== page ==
I wonder on neighborhood medicine. I wonder if this is the way to go, if we are really to improve our health system.
If you want, call it co-op medicine, or communal medicine, or community medicine. What I speak of is a doctor who does all the doctoring to be done without charging the customers a dime at the time of service.
You remember Doc Adams on Gunsmoke? That's in part what I'm talking about. You have a doctor, and he cares for the people in the community in a way you don't get when you have 50 doctors scattered all across a city. He's the only doctor, because one is all you need. The advantages are that he bonds with the community, feels a commitment to it, and derives his joy and fulfillment from helping the community, by being the one his neighbors turn to in their hour of need.
There's a pride and an honor there that is lost when you go to a doctor who isn't your neighbor, who you don't run into in your daily life. In today's society, with the work place often being our place of community, maybe these co-op doctors should be at the places of employment, instead of in the actual neighborhoods. The point is, these doctors should be people you run into daily, or weekly, or relatively often.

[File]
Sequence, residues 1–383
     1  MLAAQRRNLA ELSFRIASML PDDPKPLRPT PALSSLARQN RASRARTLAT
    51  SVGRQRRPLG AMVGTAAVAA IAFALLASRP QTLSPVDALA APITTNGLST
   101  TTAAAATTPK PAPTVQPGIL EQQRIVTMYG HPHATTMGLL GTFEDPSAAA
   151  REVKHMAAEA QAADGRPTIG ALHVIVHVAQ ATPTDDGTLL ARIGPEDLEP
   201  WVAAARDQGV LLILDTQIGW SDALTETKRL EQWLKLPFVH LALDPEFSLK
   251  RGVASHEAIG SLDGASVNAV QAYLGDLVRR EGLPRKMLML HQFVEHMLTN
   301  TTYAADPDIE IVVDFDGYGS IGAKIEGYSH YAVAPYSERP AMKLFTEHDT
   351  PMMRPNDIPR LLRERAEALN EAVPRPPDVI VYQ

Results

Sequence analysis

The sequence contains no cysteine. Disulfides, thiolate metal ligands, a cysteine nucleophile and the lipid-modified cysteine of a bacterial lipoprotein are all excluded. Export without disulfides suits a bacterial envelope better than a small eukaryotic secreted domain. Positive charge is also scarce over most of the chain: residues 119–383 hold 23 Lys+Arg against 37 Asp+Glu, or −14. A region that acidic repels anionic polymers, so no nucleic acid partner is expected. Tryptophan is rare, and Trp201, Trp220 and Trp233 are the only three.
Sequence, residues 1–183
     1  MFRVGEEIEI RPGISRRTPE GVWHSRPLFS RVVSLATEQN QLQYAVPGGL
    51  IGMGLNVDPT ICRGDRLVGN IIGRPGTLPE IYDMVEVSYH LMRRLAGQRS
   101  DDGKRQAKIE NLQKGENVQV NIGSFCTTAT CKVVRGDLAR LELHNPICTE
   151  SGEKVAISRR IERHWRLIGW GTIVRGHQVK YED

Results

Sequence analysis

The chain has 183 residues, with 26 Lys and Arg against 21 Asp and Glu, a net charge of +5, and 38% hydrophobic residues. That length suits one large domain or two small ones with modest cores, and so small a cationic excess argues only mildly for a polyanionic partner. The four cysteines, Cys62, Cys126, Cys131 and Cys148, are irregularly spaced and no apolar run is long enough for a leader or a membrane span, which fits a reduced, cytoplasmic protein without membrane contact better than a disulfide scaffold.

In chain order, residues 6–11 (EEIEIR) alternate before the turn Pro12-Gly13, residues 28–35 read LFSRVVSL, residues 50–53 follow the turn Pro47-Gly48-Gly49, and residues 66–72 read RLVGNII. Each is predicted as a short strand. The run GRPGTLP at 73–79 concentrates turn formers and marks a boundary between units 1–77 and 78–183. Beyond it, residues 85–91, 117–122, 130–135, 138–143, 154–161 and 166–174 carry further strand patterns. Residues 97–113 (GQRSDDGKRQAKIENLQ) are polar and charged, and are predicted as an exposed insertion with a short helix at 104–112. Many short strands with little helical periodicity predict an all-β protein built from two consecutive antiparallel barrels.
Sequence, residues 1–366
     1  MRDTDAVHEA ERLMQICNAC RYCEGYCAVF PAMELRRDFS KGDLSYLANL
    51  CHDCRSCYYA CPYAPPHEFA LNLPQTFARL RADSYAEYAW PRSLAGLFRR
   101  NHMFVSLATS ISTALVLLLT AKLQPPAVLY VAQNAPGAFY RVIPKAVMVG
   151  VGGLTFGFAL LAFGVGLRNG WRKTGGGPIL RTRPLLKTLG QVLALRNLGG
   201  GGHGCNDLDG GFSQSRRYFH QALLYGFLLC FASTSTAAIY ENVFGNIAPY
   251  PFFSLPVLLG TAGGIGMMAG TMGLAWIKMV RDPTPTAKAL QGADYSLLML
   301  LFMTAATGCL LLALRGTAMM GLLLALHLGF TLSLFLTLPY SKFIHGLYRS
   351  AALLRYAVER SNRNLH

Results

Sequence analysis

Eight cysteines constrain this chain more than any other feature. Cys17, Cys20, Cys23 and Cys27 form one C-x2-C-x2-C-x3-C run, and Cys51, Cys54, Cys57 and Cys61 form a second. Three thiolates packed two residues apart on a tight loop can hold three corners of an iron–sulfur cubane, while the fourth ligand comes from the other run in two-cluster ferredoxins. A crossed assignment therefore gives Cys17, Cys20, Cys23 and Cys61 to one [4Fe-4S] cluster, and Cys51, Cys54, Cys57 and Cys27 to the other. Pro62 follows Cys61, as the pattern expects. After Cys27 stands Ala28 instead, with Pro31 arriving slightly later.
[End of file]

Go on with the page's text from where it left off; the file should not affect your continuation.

With the way we have it now, the doctor's job is but a job. He sees his customers as customers. He puts in his time each day and goes home to a different world, one that they are not a part of. I have often thought where you put your carrots, your incentives, determines much. With this system, the doctor has more incentive to really serve the patient. His driving force is more likely to be love.
Another benefit of this system, is that it might reduce lawsuits. You are less inclined to sue if the person is your neighbor and friend.
We need to put care back in health care, and having community doctors like what Doc Adams was for Dodge City might just be the answer.